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Fedora 29 To Further Strengthen Crypto Settings

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  • Fedora 29 To Further Strengthen Crypto Settings

    Phoronix: Fedora 29 To Further Strengthen Crypto Settings

    One of the latest planned features for Fedora 29 is to update the system-wide cryptography policy...

    http://www.phoronix.com/scan.php?pag...tronger-Crypto

  • #2
    I can see an immutable "Old Vender" VM window thing - where they just have old versions of browsers with java and flash installed.

    Why?

    Old IT Gear. Old vender gear that used to have state of the art out of band management. that requires a given version of java 5 or flash.

    this will be the legacy of vender lockin

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    • #3
      The problem is that the user don't always have the choice in the crypto algorithm he has to use. I've happened to work in companies that was still using MD5 for storing passwords. I agree that it's a huge security risk to use that algorithm nowadays, but without it, I would not be able to work remotely. So, in the end, I would not use Fedora 29 because it would not be compatible with my work (old) security policies.

      Unless the old algorithms are available in a "compat" package.

      Comment


      • #4
        Originally posted by boxie View Post
        I can see an immutable "Old Vender" VM window thing - where they just have old versions of browsers with java and flash installed.

        Why?

        Old IT Gear. Old vender gear that used to have state of the art out of band management. that requires a given version of java 5 or flash.

        this will be the legacy of vender lockin
        It's already like this for industrial automation, everyone has a VM with the old software running in an old Windows version they use to communicate with 10yo or older industrial equipment.

        I would not call out of band management using flash or java "state of the art", it was a piece of shit even when it was new, breaking left and right at any update of java/flash or the OS or whatever and requiring hacks or workarounds. Many people used VMs or dedicated PCs (that would NOT be updated) even when they were "supported".

        Also "vender" --> "vendor"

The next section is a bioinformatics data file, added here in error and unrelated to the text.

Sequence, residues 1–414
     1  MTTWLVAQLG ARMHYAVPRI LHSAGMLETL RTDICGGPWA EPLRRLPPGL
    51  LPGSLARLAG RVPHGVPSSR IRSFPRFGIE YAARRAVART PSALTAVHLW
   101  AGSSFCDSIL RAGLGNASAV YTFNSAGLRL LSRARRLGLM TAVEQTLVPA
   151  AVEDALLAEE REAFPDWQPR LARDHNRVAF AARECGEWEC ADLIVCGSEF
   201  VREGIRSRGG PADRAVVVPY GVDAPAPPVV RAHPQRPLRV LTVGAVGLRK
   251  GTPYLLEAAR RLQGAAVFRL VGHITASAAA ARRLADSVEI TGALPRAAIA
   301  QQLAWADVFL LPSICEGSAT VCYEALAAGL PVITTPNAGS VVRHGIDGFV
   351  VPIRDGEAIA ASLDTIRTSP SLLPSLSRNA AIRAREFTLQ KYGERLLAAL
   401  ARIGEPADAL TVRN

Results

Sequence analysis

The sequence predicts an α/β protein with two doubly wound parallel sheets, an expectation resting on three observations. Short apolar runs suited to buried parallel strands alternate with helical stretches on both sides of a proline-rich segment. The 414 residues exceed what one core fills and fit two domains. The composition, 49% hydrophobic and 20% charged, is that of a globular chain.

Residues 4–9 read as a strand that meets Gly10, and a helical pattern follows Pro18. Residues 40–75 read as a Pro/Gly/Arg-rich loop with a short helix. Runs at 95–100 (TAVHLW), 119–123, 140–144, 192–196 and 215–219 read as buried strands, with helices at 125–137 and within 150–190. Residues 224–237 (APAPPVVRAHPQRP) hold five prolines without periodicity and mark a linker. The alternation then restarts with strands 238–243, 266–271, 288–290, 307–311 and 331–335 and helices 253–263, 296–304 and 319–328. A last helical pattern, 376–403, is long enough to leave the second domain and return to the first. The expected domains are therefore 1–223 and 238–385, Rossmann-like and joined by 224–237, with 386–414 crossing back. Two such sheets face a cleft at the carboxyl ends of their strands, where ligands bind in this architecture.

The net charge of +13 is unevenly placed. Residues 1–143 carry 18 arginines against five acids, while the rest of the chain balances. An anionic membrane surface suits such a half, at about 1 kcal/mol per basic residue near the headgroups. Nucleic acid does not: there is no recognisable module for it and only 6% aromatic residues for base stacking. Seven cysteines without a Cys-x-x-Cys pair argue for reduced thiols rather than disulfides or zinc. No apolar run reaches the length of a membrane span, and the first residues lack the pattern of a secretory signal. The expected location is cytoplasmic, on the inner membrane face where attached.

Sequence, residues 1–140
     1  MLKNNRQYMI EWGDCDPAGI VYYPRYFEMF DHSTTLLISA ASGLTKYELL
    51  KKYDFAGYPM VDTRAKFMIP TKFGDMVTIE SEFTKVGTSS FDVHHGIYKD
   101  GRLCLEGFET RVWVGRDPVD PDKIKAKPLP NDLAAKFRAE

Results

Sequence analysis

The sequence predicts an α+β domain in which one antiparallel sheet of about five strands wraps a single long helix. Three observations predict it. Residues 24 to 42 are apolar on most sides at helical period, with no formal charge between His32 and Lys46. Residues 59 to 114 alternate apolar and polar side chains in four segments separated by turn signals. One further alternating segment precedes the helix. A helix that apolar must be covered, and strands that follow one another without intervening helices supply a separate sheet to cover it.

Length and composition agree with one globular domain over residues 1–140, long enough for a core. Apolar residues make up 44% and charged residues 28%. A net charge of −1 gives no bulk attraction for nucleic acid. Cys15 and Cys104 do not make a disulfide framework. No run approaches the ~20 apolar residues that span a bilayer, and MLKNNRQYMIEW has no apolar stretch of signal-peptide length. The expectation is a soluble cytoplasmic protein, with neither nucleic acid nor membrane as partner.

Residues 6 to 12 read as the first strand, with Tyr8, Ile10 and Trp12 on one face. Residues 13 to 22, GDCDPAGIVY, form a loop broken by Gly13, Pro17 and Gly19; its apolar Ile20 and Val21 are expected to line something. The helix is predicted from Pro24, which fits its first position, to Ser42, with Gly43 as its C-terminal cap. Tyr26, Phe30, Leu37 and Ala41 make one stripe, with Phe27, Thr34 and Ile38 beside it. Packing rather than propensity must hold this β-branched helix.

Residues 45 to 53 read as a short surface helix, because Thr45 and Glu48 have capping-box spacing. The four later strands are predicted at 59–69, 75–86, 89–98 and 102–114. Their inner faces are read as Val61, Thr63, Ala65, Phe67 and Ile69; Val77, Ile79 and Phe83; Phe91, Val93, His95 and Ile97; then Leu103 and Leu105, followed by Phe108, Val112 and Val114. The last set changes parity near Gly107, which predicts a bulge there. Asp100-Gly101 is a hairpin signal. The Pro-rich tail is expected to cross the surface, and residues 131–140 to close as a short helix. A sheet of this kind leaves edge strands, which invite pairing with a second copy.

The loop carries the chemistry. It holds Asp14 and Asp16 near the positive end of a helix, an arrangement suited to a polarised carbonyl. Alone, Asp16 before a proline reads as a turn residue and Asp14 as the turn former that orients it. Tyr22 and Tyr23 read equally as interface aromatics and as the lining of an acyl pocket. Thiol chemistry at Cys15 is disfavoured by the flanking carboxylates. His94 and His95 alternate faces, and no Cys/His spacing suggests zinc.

Comment


        • #5
          Originally posted by Creak View Post
          The problem is that the user don't always have the choice in the crypto algorithm he has to use. I've happened to work in companies that was still using MD5 for storing passwords. I agree that it's a huge security risk to use that algorithm nowadays, but without it, I would not be able to work remotely. So, in the end, I would not use Fedora 29 because it would not be compatible with my work (old) security policies.

          Unless the old algorithms are available in a "compat" package.
          Fedora isn't targeting this kind of userbase. There is RHEL for that.

          Comment


          • #6
            Yeah, as good as it is to disable older versions of protocols, it does come with problems. About a year ago, we did a major upgrade for a piece of enterprise software for a client... and it turned out that part of the upgrade included the webserver disabling TLS 1.1 by default. Not a problem for the human users, but it turned out the client was running a bunch of adapter code that was old enough to not support TLS 1.2... and which suddenly was unable to talk to the upgraded servers.

            It was apparently quite an argument, over whether the old code should be fixed for modern compatibility, or whether the server should be configured to re-enable the less-secure protocols... I *think* security won in the end...

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            • #7
              Originally posted by Creak View Post
              The problem is that the user don't always have the choice in the crypto algorithm he has to use. I've happened to work in companies that was still using MD5 for storing passwords. I agree that it's a huge security risk to use that algorithm nowadays, but without it, I would not be able to work remotely. So, in the end, I would not use Fedora 29 because it would not be compatible with my work (old) security policies.

              Unless the old algorithms are available in a "compat" package.
              From the wiki page, it looks like the user can easily reenable the legacy crypto algorithms with:

              Code:
              update-crypto-policies --set LEGACY
              https://fedoraproject.org/wiki/Chang...ryptoSettings2

              Comment


              • #8
                Originally posted by starshipeleven View Post
                It's already like this for industrial automation, everyone has a VM with the old software running in an old Windows version they use to communicate with 10yo or older industrial equipment.

                I would not call out of band management using flash or java "state of the art", it was a piece of shit even when it was new, breaking left and right at any update of java/flash or the OS or whatever and requiring hacks or workarounds. Many people used VMs or dedicated PCs (that would NOT be updated) even when they were "supported".

                Also "vender" --> "vendor"
                That's why i was thinking there is going to be a ready made "virtual" - it would certainly be helpful instead of hunting around for old install disks and old versions when you find yourself needing one.

                as for vender vs vendor - yes, I should have used vendor.

                Comment

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